summation gallop

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sum·ma·tion gal·'lop

gallop rhythm in which the gallop sound is due to superimposition of third and fourth heart sounds; sometimes heard in normal subjects with tachycardia, but usually indicative of myocardial disease.
Synonym(s): S7 gallop, S7

summation gallop

a gallop rhythm in which the third and fourth heart sounds are superimposed, appearing as one loud sound. It may occur in some patients with tachycardia but is usually associated with cardiac disease. See also gallop.

summation gallop

Triple gallop Cardiology An extra 'galloping' heart sound caused by tachycardia, best heard over the apex with the Pt in supine or left lateral position; it ↑ with inspiration, exercise, elevation of legs, ↑ venous return. Cf Fourth heart sound.

sum·ma·tion gal·lop

(sŭm-ā'shŭn gal'ŏp)
Rhythm in which the gallop sound is due to superimposition of third and fourth heart sounds; sometimes heard in normal subjects with tachycardia, but usually indicative of myocardial disease.

summation

accumulate, add up, aggregate a series of numbers or quantities or events.

summation of effects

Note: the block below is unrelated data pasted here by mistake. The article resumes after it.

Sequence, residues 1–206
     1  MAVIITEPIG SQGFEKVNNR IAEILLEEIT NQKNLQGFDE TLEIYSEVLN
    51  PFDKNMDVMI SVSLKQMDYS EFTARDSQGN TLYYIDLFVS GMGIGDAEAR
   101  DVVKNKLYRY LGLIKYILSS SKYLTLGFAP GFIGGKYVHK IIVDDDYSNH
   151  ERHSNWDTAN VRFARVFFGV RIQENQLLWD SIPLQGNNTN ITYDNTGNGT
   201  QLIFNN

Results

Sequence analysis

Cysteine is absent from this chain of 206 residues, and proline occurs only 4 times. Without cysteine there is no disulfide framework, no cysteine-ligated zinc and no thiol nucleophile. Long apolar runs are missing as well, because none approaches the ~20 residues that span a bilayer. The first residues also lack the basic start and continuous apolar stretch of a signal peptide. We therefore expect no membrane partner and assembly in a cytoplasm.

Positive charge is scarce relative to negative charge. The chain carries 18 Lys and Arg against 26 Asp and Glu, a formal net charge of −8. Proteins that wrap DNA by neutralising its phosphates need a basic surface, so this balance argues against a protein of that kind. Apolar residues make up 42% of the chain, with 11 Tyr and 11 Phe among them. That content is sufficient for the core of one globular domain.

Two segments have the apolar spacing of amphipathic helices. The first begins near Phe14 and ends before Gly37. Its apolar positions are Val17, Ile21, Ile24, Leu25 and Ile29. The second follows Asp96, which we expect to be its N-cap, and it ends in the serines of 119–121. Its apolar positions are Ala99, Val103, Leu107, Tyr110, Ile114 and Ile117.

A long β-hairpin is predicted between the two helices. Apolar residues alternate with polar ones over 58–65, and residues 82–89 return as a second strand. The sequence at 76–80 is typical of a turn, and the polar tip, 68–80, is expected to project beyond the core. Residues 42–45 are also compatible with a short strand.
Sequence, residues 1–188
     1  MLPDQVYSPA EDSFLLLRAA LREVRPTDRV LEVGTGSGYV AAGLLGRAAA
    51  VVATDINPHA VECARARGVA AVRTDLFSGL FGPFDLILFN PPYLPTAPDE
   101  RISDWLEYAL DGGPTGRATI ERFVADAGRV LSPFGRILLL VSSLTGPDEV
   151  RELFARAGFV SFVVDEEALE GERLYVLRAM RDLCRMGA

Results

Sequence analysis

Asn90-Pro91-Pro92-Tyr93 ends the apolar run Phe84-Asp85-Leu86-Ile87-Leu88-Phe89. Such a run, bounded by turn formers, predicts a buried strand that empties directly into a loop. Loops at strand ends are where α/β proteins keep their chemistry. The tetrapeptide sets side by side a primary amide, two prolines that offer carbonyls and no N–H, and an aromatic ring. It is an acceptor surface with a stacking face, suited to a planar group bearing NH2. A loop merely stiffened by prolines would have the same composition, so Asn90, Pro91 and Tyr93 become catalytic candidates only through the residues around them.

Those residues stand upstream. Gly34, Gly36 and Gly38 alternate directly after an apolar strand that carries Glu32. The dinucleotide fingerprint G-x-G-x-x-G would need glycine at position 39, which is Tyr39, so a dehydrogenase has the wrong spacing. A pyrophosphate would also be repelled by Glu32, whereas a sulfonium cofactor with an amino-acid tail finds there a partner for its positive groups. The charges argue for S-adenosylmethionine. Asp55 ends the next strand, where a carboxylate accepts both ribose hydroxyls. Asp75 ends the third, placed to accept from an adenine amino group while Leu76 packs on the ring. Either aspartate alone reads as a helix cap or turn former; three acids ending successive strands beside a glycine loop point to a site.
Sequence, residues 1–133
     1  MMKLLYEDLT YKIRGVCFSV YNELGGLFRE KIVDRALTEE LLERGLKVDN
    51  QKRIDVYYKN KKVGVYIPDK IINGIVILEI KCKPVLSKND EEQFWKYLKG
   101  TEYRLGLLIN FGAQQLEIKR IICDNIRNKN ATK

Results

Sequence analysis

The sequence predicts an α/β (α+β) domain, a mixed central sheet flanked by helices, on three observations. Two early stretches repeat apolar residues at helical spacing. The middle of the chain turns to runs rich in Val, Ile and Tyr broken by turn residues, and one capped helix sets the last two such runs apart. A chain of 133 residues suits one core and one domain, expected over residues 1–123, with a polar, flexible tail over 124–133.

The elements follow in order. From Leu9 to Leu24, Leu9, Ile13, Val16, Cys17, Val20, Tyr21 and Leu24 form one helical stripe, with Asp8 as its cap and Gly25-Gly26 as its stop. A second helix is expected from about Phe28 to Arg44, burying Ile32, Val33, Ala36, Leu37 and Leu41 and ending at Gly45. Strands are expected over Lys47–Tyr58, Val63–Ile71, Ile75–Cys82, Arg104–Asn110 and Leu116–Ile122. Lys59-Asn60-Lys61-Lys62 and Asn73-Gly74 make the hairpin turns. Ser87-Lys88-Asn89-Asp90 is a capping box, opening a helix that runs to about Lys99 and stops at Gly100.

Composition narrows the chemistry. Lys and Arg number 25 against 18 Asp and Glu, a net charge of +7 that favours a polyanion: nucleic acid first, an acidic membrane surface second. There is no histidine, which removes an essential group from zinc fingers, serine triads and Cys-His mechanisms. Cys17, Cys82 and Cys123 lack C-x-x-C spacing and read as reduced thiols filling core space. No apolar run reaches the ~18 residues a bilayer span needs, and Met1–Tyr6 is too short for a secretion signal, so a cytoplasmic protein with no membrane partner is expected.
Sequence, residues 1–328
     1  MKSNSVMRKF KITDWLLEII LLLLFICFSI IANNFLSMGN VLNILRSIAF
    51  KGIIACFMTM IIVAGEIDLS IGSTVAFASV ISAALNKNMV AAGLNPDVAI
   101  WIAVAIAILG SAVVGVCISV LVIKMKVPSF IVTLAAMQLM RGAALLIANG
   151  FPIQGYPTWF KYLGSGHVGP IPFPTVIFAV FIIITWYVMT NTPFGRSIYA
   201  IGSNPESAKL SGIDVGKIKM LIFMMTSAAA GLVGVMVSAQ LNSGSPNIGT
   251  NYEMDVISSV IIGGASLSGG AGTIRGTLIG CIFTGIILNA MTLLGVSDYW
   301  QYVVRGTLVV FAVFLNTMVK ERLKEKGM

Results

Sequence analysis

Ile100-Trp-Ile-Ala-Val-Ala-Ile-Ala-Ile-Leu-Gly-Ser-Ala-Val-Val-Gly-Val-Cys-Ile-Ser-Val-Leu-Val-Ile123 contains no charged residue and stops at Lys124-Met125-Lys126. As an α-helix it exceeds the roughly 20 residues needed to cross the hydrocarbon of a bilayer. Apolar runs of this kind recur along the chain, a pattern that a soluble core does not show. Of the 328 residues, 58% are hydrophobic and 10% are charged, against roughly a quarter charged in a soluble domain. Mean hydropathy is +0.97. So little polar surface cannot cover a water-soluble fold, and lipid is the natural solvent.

a theory explaining clinical pruritus as the additive effects of pruritus from several causes which may raise the individual above the threshold, but pruritus from any single cause would be unlikely to do so.
summation gallop
see gallop rhythm.
neurological summation
physiological summation in synapses is a characteristic of the mammalian nervous system. It may be spatial, with additional synaptic junctions participating, or temporal, when succeeding stimuli catch up with the as-yet undischarged neurotransmitter. Seen in the retina of the cat, as an example of a nocturnal animal, where many millions of photoreceptors are connected to only one million axons, resulting in maximal sensitivity to light.
weighted summation
the sum obtained by adding the numerical value for individual clinical signs, each weighted to express their importance, when making a diagnosis. The total, as a fraction or a percentage, provides an estimate of the probability of each diagnosis being the correct one.